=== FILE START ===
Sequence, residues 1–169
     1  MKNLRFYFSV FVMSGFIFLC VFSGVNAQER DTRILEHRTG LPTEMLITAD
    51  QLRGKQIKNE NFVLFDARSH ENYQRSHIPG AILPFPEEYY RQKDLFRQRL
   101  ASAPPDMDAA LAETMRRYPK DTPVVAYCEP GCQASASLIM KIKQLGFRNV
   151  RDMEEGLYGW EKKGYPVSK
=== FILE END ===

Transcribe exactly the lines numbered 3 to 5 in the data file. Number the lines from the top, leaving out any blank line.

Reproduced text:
    51  QLRGKQIKNE NFVLFDARSH ENYQRSHIPG AILPFPEEYY RQKDLFRQRL
   101  ASAPPDMDAA LAETMRRYPK DTPVVAYCEP GCQASASLIM KIKQLGFRNV
   151  RDMEEGLYGW EKKGYPVSK